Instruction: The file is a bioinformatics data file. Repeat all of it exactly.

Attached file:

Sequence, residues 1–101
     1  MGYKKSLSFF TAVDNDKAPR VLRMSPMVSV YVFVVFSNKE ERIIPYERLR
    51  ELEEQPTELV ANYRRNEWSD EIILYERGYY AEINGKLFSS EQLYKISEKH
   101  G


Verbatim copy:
Sequence, residues 1–101
     1  MGYKKSLSFF TAVDNDKAPR VLRMSPMVSV YVFVVFSNKE ERIIPYERLR
    51  ELEEQPTELV ANYRRNEWSD EIILYERGYY AEINGKLFSS EQLYKISEKH
   101  G